Sam-Gam BAM!, triple-power dance at Drexel

Photo by Bill Hebert

By Merilyn Jackson For The Inquirer

Philadelphia’s dancers have built a community that’s the envy of other cities around the country. A Washington City Paper article last month cited Headlong Dance Theater as a ringleader, quoting one of its founders, David Brick, as saying, “You have to figure out how to do things on your own.” Sometimes that requires contorting into unlikely partnerships such as the one between Headlong, another long-established dance group, Group Motion, and Viji Rao’s newer Three Aksha. Their show, called “Sam-Gam BAM!”, opened at Drexel’s Mandell Theater last weekend and continues Thursday through Saturday.

Headlong is the postmodern, hipster/brainy dance company that relocated in Philadelphia from Wesleyan University in the early 1990s; German expressionist Group Motion had arrived from Berlin back in 1968. Traditional Indian dance company Three Aksha’s been around for the better part of the last decade.

“Sam-gam” – Sanskrit for “flow together” – is the title and overarching theme of the new works presented by the three companies, whose flowing together was pure serendipity.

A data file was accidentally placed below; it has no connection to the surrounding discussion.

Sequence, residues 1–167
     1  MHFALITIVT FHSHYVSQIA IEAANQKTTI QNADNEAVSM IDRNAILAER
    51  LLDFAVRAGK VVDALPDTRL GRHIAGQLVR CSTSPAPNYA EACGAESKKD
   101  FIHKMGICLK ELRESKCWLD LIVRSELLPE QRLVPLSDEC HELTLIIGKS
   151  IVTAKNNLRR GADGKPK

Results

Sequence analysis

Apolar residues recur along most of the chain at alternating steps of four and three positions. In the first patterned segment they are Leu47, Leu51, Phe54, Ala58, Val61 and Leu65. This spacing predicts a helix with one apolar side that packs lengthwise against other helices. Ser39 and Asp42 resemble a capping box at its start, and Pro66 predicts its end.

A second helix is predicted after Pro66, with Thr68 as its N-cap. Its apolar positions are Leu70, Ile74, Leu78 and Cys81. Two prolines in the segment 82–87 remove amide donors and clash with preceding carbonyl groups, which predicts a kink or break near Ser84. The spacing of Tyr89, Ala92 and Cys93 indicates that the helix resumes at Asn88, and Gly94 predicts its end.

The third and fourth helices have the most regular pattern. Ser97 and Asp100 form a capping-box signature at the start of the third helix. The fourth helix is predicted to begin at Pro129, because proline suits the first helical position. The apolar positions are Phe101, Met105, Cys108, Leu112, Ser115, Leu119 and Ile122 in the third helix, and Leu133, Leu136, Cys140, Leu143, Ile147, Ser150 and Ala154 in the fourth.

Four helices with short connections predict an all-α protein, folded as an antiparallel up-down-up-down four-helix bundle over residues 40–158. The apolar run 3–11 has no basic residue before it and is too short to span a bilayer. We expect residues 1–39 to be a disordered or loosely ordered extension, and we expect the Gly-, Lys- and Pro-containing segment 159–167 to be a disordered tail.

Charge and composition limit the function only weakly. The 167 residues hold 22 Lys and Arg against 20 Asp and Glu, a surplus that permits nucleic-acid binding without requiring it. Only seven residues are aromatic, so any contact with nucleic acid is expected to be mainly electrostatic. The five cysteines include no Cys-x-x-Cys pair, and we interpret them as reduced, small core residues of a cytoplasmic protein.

“Group Motion had reserved the Mandell for two weekends,” said company director Manfred Fischbeck, “and since Headlong and Three Aksha inquired about the Mandell for the same dates, it made sense to join forces with the support of the Dance UP rental subsidy program.”


About Merilyn Jackson

Merilyn is a guest contributor to the Dance Journal. She writes regularly on dance for The Philadelphia Inquirer since 1996 and writes on dance, theater, food, travel and Eastern European and Latin American fiction for many publications. More than 800 of her articles have appeared in publications as diverse as The New York Times, The Warsaw Voice, The Arizona Republic, The Phoenix New Times, MIT’s Technology Review, and Arizona Highways, Dance, Pointe and Dance Teacher magazines, Broad Street Review and

She was awarded an NEA Critics Fellowship in 2005 and a Pennsylvania Council on the Arts Fellowship in 1999 for her novel-in-progress, O Solitary Host. A chapter of that novel, “A Sow of Violence,” appeared in the Massachusetts Review in the Fall 2004 “Food Matters” issue. In 2012 she attended poetry workshops at Colgate University and Sarah Lawrence College, working with poets Peter Balakian and Tom Lux, respectively. Several of her poems appear in Exquisite Corpse, The Rusty Nail and Broad Street Review. She likes to say that dance was her first love, but when she discovered writing she began to cheat on dance. Now that she writes about dance, she’s made an honest woman of herself, although, she also writes poetry. Much of her writing can be read on her personal blog Prime Glib.

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